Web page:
The following guest contribution was written by Richard Pallarino (@rpallarino).

“When you’re there, make yourself indispensable”-Jason Belzer. That’s what my mentor and friend Jason Belzer said to me before I left for my internship with Beverly Hills Sports Council, this past summer.

I was headed to Los Angeles, CA with the goal of being the next biggest agent in baseball. At the age of 19, never being west of Pittsburgh, PA before, having completed two previous internships in the sports and entertainment industry, attending sports symposiums and making contacts, and constantly studying the MLB CBA, I would say that my dream of becoming a successful baseball agent was rapidly becoming a reality.

Beverly Hills Sports Council is one of the most valuable agencies in all of baseball, and it’s also one of the most employee-intimate agencies. Starting from the top: three elite partners heading the company, a cutting edge Public Relations Director, a marketing team that consisted of 3 ambitious, persistent, and innovative individuals, and a few down-to-earth, knowledgeable, and helpful recruiters.

With a client list that reads: Barry Bonds, George Brett, Rickey Henderson, John Franco, Trevor Hoffman, Tim Lincecum, and many others, I thought that the road to success was only getting easier.

The only thing that was getting easier was opportunity; opportunity to become successful. Just like most interns across the country, I thought that since I was in an elite agency, everyone would be knocking at my door and I can get anything I wanted within baseball, in this scenario.

That wasn’t the case. My internship lasted 10 weeks, and oh brother, did those 10 weeks fly by. I started on June 20th and arrived home in New York on August 24th.

My hours were 9 A.M.-5 P.M., Mondays-Fridays. Every morning, I would arrive between 8:35-8:50, with the intention of being one of the first in the office. I would stay past 5 P.M. one day each week. The rest of the days I would leave at 5 on the nose — what a mistake. Looking back on it, I was living in Los Angeles, CA with a total of three responsibilities: laundry, grocery shopping, and going to play basketball with some of the UCLA Football team…so why did I rush to get home?

A typical week would consist of researching companies for potential endorsement deals or autograph appearances for clients, work on our marketing presentations for our assigned player and cities, and assist with anything else needed.

I emphasize, “assist with anything else needed”, because it is code phrase for going to help others within other divisions of the company.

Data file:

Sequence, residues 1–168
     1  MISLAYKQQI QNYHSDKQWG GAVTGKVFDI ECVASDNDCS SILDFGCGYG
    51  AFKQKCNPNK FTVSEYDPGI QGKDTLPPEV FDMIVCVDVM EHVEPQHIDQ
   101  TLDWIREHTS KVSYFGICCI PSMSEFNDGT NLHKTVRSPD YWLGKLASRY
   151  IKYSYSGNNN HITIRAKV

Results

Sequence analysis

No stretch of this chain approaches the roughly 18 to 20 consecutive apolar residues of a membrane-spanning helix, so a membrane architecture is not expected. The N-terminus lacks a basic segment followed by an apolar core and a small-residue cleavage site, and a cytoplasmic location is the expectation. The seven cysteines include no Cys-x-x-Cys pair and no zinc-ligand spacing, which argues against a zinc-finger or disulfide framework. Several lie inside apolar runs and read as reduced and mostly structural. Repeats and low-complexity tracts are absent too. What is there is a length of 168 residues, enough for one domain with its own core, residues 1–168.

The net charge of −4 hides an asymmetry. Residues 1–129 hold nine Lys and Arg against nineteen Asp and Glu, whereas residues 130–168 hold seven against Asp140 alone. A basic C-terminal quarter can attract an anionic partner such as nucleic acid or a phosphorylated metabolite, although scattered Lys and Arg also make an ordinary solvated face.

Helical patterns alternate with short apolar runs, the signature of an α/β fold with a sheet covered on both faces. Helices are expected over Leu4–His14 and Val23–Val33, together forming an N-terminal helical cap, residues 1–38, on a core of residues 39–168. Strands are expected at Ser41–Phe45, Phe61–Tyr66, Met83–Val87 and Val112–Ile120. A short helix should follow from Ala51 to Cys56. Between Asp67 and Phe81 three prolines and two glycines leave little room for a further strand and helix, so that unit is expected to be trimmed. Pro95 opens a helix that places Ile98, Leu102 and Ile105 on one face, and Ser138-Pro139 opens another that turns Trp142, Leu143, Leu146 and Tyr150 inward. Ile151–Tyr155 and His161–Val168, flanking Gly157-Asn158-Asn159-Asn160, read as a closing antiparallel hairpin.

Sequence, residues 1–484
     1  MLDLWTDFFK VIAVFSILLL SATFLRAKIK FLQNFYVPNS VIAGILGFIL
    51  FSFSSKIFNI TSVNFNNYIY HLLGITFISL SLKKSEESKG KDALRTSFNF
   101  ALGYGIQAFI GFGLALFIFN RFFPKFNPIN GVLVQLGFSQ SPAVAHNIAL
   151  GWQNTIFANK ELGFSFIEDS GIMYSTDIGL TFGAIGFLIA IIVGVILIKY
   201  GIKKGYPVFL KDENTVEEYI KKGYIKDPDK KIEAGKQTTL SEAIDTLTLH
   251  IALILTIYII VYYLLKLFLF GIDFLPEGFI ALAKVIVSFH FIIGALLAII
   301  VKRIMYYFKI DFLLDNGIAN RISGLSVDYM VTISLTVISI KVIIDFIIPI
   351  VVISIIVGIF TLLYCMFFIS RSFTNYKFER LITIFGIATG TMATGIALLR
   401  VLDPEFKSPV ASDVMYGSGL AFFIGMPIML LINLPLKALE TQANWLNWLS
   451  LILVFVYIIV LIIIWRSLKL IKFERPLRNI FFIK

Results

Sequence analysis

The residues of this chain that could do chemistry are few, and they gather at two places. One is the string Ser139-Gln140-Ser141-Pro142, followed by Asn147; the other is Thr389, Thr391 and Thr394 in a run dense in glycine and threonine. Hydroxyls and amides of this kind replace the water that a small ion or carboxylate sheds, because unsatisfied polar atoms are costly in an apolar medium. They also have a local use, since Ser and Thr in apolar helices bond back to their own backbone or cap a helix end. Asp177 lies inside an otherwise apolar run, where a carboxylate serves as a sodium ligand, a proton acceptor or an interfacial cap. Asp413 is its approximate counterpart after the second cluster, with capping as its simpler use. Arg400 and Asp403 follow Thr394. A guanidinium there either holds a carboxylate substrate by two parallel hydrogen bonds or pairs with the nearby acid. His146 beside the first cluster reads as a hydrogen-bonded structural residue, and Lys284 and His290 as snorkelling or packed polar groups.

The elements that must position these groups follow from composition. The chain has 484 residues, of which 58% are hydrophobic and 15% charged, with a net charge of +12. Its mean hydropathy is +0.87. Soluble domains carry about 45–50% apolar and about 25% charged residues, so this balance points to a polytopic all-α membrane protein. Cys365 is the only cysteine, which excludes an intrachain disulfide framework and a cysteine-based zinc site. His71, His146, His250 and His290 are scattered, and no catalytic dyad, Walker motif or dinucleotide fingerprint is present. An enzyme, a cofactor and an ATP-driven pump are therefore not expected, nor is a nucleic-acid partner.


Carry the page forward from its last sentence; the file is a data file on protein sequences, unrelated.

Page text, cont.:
Up until August 13th, I only extended myself to the Marketing and Public Relations departments. You would think that with my desire to be an agent, I would look to help the agents out with their grunt work. Their doors were always open; I just didn’t take advantage of it.

The BHSC Director of Marketing may have literally been a life savior, without even knowing it. Her full intention of the internship program was for the interns to learn as much as possible. This was also the first year that the interns spoke to the agents one on one with the director’s help of scheduling an appointment for us to sit with them and ask them whatever questions we had.

August 13th was the day that my life changed, literally. I was scheduled to sit down with Dan Horwits, one of the partners in the agency. Before I went in, I spoke to the two interns next to me and asked them how their meetings went. They both responded by saying it was nerve-wracking and it lasted 15-25 minutes.

I went into Danny’s office with the thought of it only lasting 20 minutes. Well, it lasted for one hour and 20 minutes. He sat with me and answered every question I had and stayed after the eight hour workday, because we left after 5:30 P.M. Out of the entire conversation, one line really stuck out in my head, “You didn’t impress me.” He honestly said that to me after I asked him a question.

That night, I went home and created lists upon lists of anything to do with baseball, upcoming free agents, upcoming drafts, free agent comparables, lists of players and their agencies, etc.

I had seven workdays left at BHSC; I made sure to sit down and talk to every single person who received a paycheck from BHSC. Some conversations had very little to do with baseball, but it was the point of taking advice from everyone, because baseball is a business, and so is life.

Those seven workdays were the greatest days of my life. I created work for myself, extended my services to every agent and recruiter, and even extended my services to one of the interns. I didn’t stop working and it was one of the greatest feelings in the world. I left BHSC with knowledge on how to properly network, improved my communication skills, learned how to think differently, expanded my knowledge on the undermined aspects of baseball, and of course, the agency side of baseball.

My advice for the future or current interns reading this article, once you secure an internship, expand yourself to every single division within the company, make yourself known to every employee, be the first one in last one out, and ask tons of questions. In a nutshell, take the advice Jason Belzer gave to me — make yourself indispensable.